San Diego Trip: Part 1


Flying into San Diego today I snapped a few pictures of the aircraft carriers and other vessels in port. But even the impressive views from the plane didn’t get me ready for San Diego. I’m mesmerized so far.

About fourteen years ago my family saddled up the car just after I got my drivers’ license to head to San Diego from a little town North of Austin, Texas. My first drive post passing the test, and I drove over several days to California. We wen through San Diego, but we really didn’t get a chance to explore. My dad has an unfortunate habit of trying to cram too much into one trip and missing out on some cool opportunities in the process.

I inherited this little foible.

When ever I travel I try to cram everything in that I can, but cramming doesn’t make what you’re doing more fun or really give you a chance to connect to any particular spot.

It’s my initial impression, but as we stood out on Point Loma looking out over the city, it felt as if you could spend a life time in San Diego and not see everything or go to everything. The mountains behind the city looked like a big sandbox to play in, the running trails by the coast and bay, and seeing all the restaurants all of these things just seemed to crash in like a wave.
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I like this place already.

Give me a few more days and I may just be in love.

Litographs: One of my Favorite Ideas

Over the last couple of years my wife and I have collected a few Litograph posters. What are they? Well they are the words of a book shaped into a picture that represents the book in question.


In this one they took the words “Through the Looking Glass” (Alice in Wonderland) and made it into the image of Alice falling. Now in this image you can’t see the words as they are, but on the proper site with the link above you can take a look at the zoom pictures and see just how intricate the work is. When you get the poster you could read the book from the image.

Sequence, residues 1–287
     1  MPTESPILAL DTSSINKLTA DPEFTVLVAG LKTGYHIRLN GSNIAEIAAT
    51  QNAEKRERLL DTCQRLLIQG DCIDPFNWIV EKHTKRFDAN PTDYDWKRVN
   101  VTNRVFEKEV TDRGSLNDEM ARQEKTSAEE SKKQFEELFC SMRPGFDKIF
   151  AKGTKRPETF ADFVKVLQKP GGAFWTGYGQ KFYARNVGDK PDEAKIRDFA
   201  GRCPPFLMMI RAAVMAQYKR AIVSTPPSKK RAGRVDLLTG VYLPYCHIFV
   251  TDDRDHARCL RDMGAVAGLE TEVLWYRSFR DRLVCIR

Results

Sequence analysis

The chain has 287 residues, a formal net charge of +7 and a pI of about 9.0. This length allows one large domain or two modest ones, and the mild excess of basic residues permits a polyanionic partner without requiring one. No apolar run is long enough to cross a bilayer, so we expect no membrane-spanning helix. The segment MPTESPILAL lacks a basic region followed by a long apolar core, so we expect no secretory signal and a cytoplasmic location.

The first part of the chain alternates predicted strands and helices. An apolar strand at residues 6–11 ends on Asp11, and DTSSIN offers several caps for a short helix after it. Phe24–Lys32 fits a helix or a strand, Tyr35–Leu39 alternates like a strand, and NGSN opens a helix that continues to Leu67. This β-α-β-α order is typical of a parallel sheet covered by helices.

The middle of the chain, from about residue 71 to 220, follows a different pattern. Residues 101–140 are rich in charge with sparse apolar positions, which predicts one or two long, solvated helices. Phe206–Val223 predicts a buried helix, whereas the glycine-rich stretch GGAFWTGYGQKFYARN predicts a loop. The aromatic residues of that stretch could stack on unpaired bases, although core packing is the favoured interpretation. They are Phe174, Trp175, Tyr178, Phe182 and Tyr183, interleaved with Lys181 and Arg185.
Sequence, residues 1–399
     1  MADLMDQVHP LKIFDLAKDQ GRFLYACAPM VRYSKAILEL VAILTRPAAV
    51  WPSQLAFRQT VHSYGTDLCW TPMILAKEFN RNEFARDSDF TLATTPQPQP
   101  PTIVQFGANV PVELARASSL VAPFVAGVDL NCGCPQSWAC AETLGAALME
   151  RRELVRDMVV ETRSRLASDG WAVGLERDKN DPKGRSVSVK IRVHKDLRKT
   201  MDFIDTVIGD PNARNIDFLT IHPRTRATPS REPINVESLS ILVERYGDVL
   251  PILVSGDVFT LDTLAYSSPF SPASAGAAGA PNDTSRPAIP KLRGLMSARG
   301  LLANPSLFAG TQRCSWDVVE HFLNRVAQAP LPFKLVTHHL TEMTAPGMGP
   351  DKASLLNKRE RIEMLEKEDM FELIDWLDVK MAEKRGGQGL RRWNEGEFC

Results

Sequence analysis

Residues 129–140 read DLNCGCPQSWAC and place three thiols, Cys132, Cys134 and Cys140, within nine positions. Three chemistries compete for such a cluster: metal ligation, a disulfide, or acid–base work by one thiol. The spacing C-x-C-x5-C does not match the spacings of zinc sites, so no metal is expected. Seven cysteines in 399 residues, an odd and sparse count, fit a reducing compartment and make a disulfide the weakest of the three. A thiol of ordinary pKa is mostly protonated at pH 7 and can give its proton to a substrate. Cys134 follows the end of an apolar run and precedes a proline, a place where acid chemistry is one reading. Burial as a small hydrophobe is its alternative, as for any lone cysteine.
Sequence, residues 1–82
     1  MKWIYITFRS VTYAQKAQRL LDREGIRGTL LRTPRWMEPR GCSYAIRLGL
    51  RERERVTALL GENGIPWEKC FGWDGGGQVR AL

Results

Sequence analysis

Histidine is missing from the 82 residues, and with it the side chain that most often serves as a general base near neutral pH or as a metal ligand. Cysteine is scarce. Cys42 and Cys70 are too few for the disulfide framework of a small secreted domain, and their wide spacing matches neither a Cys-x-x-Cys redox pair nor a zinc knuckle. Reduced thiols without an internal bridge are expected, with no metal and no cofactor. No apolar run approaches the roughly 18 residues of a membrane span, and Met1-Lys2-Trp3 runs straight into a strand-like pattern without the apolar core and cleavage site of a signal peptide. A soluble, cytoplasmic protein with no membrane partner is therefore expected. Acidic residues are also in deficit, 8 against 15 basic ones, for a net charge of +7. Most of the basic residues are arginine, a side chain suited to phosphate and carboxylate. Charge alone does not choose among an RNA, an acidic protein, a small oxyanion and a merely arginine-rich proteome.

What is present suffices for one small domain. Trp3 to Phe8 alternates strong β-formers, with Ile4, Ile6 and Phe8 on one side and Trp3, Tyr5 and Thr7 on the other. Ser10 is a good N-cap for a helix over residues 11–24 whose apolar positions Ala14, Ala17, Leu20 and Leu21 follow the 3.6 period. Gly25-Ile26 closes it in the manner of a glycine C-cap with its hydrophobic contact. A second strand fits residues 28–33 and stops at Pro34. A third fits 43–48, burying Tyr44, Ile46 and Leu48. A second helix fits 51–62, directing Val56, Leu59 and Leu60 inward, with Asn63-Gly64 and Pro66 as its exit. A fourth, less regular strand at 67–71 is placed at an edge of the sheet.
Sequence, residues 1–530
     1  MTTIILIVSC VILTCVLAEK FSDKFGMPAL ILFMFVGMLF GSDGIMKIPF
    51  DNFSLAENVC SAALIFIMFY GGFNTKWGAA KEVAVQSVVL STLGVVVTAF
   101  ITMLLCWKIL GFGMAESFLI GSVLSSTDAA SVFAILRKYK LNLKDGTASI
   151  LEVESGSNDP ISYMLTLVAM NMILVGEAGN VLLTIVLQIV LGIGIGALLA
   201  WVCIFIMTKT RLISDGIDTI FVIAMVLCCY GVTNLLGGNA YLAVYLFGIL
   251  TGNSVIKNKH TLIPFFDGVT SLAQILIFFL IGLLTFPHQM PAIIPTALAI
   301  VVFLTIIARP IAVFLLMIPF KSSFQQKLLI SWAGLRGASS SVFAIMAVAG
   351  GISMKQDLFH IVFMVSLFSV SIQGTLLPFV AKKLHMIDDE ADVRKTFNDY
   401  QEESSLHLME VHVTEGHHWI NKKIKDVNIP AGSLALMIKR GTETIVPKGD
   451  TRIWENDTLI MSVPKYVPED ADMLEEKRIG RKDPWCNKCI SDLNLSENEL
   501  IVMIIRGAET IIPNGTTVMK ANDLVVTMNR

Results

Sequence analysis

We have a couple of Jane Austin books, “The Heart of Darkness” by Conrad, and Newton’s “Optics”.

They don’t just sell posters but also totes. Courtney really wanted one of those and ended up getting “Emma” by Jane Austin. Not our favorite of Jane’s books, but the image was a little more interesting than the one for Persuasion.

Now some of the images don’t contain the whole volume, but the idea still amazes me. I still enjoy looking up at Newton’s “Optics” and Conrad’s work, and I still hope to have an opportunity to add to my collection. The depictions of the New Testament and the Torah are absolutely beautiful with words made to look like parts of a stained glass window.

Too Excited to Sleep: SBLAAR Con 2014 San Diego

The Society of Biblical Literature and the American Academy of Religion meet in San Diego in their combined Annual Meeting over the next few days, and I’m headed out to join them. It’s my first time to go to this particular meeting, and so my excitement isn’t exactly in check.

In fact, I might have woken up about 3:30 am and not been able to go back to sleep.

Why am I excited? Because this in my mind is like a sci-fi convention for religion scholars…. Well actually there are several sessions/lectures being offered that mix the two, but that actually riles up the blood even more. Who doesn’t want to talk about intersteller evolutions of mormonism in Orson Scott Cardd’s Ender’s Game and Battle Start Galactica? Or Anthropological conceptions from Joss Whedon’s Avengers?

But that has in spired me to re-think the Annual Meeting title to Convention, and if you add in the SBL and AAR acronyms, you end up with SBLAAR Con.

Sadly, I’ll only get to the sci-fi discussions if I have time. I’m genuinely interested in so many sessions there is no real way I can make it to all of them. But with the location in San Diego, there isn’t much of a downside except for the business of getting to as many sessions as possible.

The Jesuits: A Book Review of John W. O’Malley S.J.’s New Book


The Jesuits have influenced history in more ways than one, and with the current Pope occupying a high profile position in what is becoming an incredibly popular way, I wanted to study up on the Jesuits.